Prop 8 and the Standing Issue

Reports are filtering out from the Supreme Court’s oral arguments today on California’s Proposition 8 that the Justices might boot the case on what are known as standing grounds.  Standing refers to whether there is a real dispute between the parties sufficient to justify the exercise of federal court jurisdiction. Article III of the Constitution requires a “case or controversy” — standing doctrine demands that the parties be truly adversarial; that the plaintiff be a party that has actually suffered an injury in fact; that the defendant’s conduct has caused the harm; and that the harm can be redressed by a court decision in its favor.

The problem here is that the state of California should be defending Proposition 8, but the governor and attorney general have refused. In such a case, under California law, the proponents of an initiative can defend the suit. But under federal constitutional law, this may not be sufficient to meet standing requirements. If a federal statute were to involve this issue, as with DOMA, then Congress can hire counsel to defend the constitutionality of a law. But it seems to me that the proponents of Proposition 8 should be allowed to defend the law in federal court. 

First, who gets to defend the law under the separation of powers on behalf of the people of California is a matter of state constitutional law, not federal law. While the federal courts should be able to determine whether the state government has sufficient standing — as it does in this case — it should be a matter of state constitutional law to decide who may defend the law in court. Under state constitutional law, the state of California could allow a private person to defend the statute (just as when state AGs hired private counsel to pursue tobacco companies).

Second, allowing the proponents of Proposition 8 to defend the law fulfills the very purposes of the initiative. The initiative was a creation of progressives of the late 19th and early 20th centuries because of special interest control of state governors and assemblies. The initiative was designed as an end run around official state government — it exists because of fears that the elected representatives would not represent the interests of the people. It would make little sense, then, to allow only those elected officials to defend the legality of a proposition that was enacted because of the unresponsiveness or opposition of those same officials.

  1. Steve C.

    The people of California have no “standing”? That is surely through the looking glass thinking. Perhaps our distinguished jurists should familiarize themselves with the idea of citizens having the right to a republican form of government.

  2. Illiniguy

    John Yoo:  “Under state constitutional law, the state of California could allow a private person to defend the statute (just as when state AGs hired private counsel to pursue tobacco companies).”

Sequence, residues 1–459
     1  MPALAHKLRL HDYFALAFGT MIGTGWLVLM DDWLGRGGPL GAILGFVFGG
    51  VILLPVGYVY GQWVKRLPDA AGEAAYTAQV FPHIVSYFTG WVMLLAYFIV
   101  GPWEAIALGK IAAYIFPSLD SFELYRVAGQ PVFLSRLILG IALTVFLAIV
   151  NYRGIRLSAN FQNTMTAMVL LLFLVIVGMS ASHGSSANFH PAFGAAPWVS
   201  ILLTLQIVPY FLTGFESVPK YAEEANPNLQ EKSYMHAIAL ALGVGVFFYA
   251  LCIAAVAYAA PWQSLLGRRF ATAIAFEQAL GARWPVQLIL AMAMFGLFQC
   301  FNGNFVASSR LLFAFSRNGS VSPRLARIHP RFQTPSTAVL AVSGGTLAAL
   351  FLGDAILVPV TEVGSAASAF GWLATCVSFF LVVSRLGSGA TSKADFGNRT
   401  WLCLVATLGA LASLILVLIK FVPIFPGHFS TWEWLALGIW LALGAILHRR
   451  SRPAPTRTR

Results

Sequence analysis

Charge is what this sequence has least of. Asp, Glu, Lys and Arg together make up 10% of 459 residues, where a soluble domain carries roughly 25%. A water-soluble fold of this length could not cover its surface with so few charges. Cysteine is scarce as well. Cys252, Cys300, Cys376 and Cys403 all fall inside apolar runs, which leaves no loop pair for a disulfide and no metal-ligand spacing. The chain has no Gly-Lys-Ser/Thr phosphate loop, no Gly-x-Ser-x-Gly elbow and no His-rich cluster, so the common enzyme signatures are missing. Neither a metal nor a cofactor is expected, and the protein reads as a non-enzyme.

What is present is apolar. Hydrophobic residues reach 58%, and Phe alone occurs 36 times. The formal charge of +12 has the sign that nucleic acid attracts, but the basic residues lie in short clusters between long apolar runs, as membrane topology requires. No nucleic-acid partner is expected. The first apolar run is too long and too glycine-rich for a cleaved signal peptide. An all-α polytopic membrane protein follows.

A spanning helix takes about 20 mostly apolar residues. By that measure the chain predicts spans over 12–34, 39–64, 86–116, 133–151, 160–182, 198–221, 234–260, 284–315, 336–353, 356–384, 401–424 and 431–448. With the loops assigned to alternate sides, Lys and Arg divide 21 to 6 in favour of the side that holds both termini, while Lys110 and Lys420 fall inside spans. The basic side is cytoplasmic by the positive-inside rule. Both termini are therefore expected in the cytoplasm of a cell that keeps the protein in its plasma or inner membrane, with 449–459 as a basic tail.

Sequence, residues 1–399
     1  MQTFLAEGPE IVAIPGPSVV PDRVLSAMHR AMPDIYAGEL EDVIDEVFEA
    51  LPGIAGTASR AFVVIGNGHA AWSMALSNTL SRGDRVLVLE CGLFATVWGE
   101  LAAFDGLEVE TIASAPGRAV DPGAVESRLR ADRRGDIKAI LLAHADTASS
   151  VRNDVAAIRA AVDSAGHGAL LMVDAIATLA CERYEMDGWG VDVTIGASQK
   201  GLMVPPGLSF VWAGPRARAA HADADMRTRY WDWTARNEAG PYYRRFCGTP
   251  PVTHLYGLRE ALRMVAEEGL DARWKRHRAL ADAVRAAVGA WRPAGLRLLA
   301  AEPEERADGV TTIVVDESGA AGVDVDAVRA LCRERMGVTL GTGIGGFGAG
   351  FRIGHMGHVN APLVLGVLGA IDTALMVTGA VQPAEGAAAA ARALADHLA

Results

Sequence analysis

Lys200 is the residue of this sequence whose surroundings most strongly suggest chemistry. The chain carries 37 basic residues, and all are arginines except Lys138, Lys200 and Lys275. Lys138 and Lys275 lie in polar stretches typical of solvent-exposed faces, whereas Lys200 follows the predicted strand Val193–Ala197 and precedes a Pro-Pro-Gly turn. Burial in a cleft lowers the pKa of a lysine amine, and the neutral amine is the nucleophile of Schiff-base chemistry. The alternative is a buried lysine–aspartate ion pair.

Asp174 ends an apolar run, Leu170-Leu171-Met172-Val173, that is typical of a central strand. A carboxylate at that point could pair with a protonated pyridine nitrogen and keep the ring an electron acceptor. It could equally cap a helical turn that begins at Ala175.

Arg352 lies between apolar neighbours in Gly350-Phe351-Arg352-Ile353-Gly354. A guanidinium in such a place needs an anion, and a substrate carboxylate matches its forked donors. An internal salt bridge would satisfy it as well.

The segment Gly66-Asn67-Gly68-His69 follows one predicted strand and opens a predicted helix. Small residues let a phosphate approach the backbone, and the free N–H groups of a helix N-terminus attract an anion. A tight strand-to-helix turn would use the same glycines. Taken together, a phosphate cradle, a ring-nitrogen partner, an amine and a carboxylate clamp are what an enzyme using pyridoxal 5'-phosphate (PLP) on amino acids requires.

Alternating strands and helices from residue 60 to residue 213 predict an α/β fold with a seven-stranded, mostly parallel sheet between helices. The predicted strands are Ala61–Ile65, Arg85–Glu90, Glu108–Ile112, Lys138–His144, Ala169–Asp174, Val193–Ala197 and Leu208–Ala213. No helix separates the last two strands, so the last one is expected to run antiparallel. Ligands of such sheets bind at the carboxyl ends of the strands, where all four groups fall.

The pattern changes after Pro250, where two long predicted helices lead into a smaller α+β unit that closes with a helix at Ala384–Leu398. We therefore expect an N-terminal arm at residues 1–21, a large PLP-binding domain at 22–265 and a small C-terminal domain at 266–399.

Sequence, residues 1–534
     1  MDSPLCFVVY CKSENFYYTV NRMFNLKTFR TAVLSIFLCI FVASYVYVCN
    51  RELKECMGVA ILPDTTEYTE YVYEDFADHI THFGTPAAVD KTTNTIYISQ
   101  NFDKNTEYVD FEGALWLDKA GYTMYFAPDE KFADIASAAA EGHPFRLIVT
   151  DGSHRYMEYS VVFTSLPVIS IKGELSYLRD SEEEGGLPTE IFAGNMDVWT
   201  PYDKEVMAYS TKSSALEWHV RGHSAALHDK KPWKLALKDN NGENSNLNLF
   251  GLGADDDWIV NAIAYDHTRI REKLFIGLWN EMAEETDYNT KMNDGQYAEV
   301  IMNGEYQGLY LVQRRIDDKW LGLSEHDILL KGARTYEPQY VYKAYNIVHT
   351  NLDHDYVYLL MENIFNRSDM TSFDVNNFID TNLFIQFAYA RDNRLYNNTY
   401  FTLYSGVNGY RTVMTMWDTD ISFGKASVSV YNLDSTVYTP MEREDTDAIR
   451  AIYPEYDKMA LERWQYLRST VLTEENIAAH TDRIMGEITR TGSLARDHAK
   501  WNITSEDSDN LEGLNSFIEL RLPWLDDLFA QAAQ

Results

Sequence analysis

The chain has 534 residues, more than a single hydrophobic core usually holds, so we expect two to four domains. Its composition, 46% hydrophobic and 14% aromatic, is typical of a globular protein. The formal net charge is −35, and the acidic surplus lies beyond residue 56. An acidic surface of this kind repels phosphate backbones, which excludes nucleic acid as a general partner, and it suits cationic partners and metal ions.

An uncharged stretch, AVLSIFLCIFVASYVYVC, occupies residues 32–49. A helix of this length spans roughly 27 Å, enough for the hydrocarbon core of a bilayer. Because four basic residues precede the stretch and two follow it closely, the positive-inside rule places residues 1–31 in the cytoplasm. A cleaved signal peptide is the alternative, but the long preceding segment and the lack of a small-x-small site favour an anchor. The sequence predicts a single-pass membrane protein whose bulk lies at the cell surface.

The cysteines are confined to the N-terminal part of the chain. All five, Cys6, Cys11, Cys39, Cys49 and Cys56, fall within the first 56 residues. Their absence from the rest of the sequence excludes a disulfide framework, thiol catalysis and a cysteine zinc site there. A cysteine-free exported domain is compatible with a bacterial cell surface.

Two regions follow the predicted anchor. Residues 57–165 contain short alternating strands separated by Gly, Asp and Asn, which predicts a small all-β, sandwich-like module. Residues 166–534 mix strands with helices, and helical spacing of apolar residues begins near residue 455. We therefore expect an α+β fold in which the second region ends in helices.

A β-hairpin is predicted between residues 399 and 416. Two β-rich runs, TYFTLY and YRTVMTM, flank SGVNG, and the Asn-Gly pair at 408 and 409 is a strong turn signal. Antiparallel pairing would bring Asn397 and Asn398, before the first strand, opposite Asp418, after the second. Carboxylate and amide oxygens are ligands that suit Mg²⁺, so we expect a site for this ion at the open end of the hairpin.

I’d say this is different. In your example, the state is actually the party defending the statute, the private counsel would merely be the state’s agent for purposes of prosecuting the suit.

    **UPDATE** (I made my first comment before I looked up the actual 9th Circuit opinion)

    The Governor of the State of California is the named defendant in the original case, brought in Federal District Court. By what authority does the state have to decline to defend itself in a case in which it is a named party without risking default judgment against it? Its failure to do so allows the will of the people who passed the initiative.

  3. Adam Koslin

    I could not agree more.  It’s ridiculous that the whole Prop 8 question could be punted on a technicality that violates the spirit of not only Prop 8, but the initiative process itself.  If the court has any guts they’ll just take a stance.  Better a “bad” decision than a spineless weasel.

    As a parenthetical I always thought it was rather ludicrous that California — land of Hollywood and San Francisco, La Raza and Gavin Newsome, UC Berkeley and Grass Valley — would pass such an unambiguously un-Liberal initiative.  Prop 8 was never viewed by the dominant political and intellectual culture of the state as anything but a regressive abomination.  And, though I can’t prove it, I strongly suspect that it hurt advocates of traditional marriage more than it helped.  The fact that the state government is unwilling to defend it, as is majority public opinion within the state, is, unfairly or not, giving the public impression that no-one at all is willing to back the anti-SSM side of the debate. 

  4. Eric Hines

    The initiative was designed as an end run around official state government….

    This should be a redundancy.  The citizens of CA are sovereign in their state; the government is just their hireling.

    On the matter of Prop 8, this was the the citizens of CA speaking directly on a matter.  On what basis are the citizens not allowed to defend their voice in court when their hireling shirks its duty and refuses to do so itself?

    Eric Hines

  5. Joseph Stanko
    Taliesin: 

    As a parenthetical I always thought it was rather ludicrous that California — land of Hollywood and San Francisco, La Raza and Gavin Newsome, UC Berkeley and Grass Valley — would pass such an unambiguously un-Liberal initiative.

    Actually, California voters have a long history of voting for conservative ballot initiatives that infuriated the liberal elite:

    • Prop 13 capped property taxes and ignited the “tax revolt” of the late 70′s

    • Prop 187 restricted illegal immigrants from using public services
    • Prop 209 banned affirmative action in the public sector

    Also Chief Justice Rose Bird lost her re-election bid, mainly because she opposed the death penalty.

    And remember, California is also the land of Richard Nixon, Ronald Reagan, Rob Long, Peter Robinson, and of course John Yoo!

  6. Mendel
    Joseph Stanko

    Taliesin: 

    And remember, California is also the land of Richard Nixon, Ronald Reagan, Rob Long, Peter Robinson, and of course John Yoo! 

    And Joseph Stanko!

  7. Joseph Stanko
    Mendel

    Joseph Stanko

    Taliesin: 

    And remember, California is also the land of Richard Nixon, Ronald Reagan, Rob Long, Peter Robinson, and of course John Yoo! 

    And Joseph Stanko! · 0 minutes ago

    (blushes) True, but I hardly belong in such illustrious company!

  8. Throat Wobbler Mangrove

    I keep seeing reports that if the Supreme Court boots the case on standing grounds, this will vacate the Ninth Circuit opinion, but leave the federal district court decision intact.  Any thoughts on why this would be?  Why wouldn’t the initial decision be tossed as well?